Presurization - Whats it take ?

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Volzalum

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Come again? A cheap balloon, one you blow up with your own lungs, will have less than 0.5 PSI.
The pressure inside the balloon is roughly 14.7 psi. The pressure differential between the inside of the balloon and the outside (at STP) will be less than 0.5 psi.
 

ScaleBirdsScott

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Seems if someone wanted to start simple, why not copy the Skymaster using Twin Boom structure with a dead simple pressure-vessel cabin more-or-less suspended from the middle of the wing? Of course just stick to hanging one engine off the front spherical bulkhead of the vessel. And the "door" problem could be solved by just having the whole aft end of the thing pop and rock off like the door of an autoclave, thus your sealing is a simple (large) O-ring. But, it rocks up between the twin booms so that you have nice easy access. Then of course limit your windscreen to being in the "nose" spherical bulkhead of the cylinder and windows can be positioned logically along the cylinder wall as little portholes. Very standard stuff and relatively easy to solve the structure I think.

Limit hull penetrations to a few key points this way as well. All structure can mount to lugs on the outside of the vessel. Gear, engine, wing, etc would not impinge on the simplified cylindrical pressure boundary, while still being structurally tied.

Yes you'd be in what amounts to a flying submarine but for simplifying structural systems and construction it might be a valid compromise.
 
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cvairwerks

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We run a pressurized cockpit on our fighters. Takes quite a bit of structural engineering on the design side as well as understanding the principles of pressure vessel design. Everything that penetrates the vessel comes into play with the design, down to the control cables that penetrate the bulkheads. The design guys even have to account for pressure leaks thru the electrical connectors.

Once the canopy is installed and fully fitted, it can take a day or more to find and seal leaks within the structure, so as to make the allowable leakage specifications. We even have to go as far as using ultrasonic test equipment to chase leaks. All this for a vessel that has to maintain a differential of about 6-8 psig, and withstand the pressure cycling for that differential, for at least 100,000 cycles........ Not exactly a trivial task. BTW, you can buy a decent C-172 for what the cabin pressure control valve costs!
 

wsimpso1

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Pressurized piston aircraft I am familiar with (but been retired for 18 years) don't use a heat exchanger. Pressure ratio is low enough that air conditioning is enough. P210 did use a crude exhaust to bleed air heat exchanger for heating. Twins used combustion heater. Turbines use a heat exchanger with A/C or an ACM.
So there is a heat exchanger, the AC evaporator, and it is not an added component. This is requiring the entire AC system where that was not a given in the original post. But if no AC, you do need to adjust the temperature of the pressurization air...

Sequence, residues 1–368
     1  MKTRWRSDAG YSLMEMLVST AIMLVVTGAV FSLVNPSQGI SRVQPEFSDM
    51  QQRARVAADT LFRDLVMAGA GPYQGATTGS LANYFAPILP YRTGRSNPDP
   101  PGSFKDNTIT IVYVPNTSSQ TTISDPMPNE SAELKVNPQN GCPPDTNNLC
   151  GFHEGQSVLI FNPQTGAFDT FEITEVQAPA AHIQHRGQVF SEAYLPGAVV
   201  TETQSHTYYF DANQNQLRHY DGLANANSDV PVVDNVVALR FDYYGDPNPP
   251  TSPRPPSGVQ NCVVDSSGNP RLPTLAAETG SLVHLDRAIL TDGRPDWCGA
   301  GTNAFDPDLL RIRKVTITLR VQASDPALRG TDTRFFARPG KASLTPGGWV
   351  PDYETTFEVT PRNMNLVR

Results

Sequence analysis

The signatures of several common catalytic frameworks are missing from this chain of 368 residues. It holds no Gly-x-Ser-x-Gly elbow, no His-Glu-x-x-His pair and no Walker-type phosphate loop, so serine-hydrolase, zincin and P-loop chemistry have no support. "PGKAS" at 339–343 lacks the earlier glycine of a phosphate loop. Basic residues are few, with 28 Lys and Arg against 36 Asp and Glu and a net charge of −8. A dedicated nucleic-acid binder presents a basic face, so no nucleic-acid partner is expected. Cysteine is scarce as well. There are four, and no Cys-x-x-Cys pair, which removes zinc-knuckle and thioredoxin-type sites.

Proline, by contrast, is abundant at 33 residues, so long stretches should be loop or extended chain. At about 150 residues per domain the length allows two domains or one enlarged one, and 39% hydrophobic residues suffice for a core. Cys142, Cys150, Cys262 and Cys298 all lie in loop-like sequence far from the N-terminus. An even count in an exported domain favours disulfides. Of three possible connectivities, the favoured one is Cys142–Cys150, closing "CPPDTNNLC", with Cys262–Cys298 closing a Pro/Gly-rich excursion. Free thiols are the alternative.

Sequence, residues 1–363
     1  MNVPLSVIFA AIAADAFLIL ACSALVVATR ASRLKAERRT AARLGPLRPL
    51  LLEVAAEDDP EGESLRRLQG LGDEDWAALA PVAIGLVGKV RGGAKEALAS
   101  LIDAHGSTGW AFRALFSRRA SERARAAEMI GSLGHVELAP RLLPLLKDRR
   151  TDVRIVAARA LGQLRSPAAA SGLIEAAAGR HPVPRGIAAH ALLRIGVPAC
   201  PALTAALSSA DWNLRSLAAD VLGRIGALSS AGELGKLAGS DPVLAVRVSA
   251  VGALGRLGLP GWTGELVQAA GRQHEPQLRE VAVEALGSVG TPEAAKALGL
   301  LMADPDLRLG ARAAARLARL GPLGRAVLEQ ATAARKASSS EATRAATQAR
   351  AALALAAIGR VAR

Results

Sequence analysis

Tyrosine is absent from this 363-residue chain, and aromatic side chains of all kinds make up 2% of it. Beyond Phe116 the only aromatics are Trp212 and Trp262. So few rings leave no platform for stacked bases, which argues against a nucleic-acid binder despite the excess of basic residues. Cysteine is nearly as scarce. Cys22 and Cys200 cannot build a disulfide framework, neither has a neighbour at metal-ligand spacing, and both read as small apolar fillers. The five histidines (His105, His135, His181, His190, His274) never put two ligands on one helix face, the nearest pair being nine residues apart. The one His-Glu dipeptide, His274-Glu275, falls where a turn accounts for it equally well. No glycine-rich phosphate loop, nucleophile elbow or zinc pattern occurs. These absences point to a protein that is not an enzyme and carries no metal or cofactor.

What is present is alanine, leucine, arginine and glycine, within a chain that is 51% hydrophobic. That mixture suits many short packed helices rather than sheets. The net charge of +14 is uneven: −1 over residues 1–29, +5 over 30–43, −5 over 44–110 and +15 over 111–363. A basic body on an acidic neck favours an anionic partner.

Dan Thomas

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The pressure inside the balloon is roughly 14.7 psi. The pressure differential between the inside of the balloon and the outside (at STP) will be less than 0.5 psi.
And the differential is what matters. By your reasoning I could say that my Jodel had 14.7 PSI in it.
 

Dan Thomas

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So there is a heat exchanger, the AC evaporator, and it is not an added component. This is requiring the entire AC system where that was not a given in the original post. But if no AC, you do need to adjust the temperature of the pressurization air...
The 210's system ran the cabin air from the turbo, through the sonic valve (which generates a sonic pressure wave to act as an increasing restriction to the air as its velocity increases, and the pressure drop of the air cools it some), through the heat exhanger (a little radiator) and into the cabin. The exchanger was in a box with a valving mechanism to duct either heated air from around the exhaust system (just like the usual cabin heat system) through it, or cold air from an air inlet in the front of the cowl. The airplane I worked on also had an aftermarket airconditioning system, with the usual compressor and evaporator and condenser exchangers. It was used mostly on the ground. It's weight was not insignificant.
 

rv6ejguy

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The air from the turbo compressor could be anywhere from 150 to 300F, depending on compressor efficiency,OAT and pressure ratio. Having a simple cabin heat exchanger would reduce this down to livable levels and reduce the load on the a/c if fitted for little weight penalty.
 

Twodeaddogs

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The Me109 G5 was pressurised; they modified a G2 airframe by sealing the bulkheads, adding a compressor to the engine, adding inner tube to the canopy to inflate and seal it, added a cavity for dehumidifier tablets in the windscreen and added boots or blobs of sealant to any control rod,cable or wiring bundle that passed through the bulkheads. It was designed so that the aircraft could either be configured as a high altitude reconnaisance aircraft or be tasked to shoot down the enemy's recce aircraft.
 

BBerson

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I don't think any solo homebuilder has ever built a pressurized Homebuilt? Lancair was a major kit company that evolved over decades. Lancair IVP production has ended, I think. So that leaves only Raptor ;) .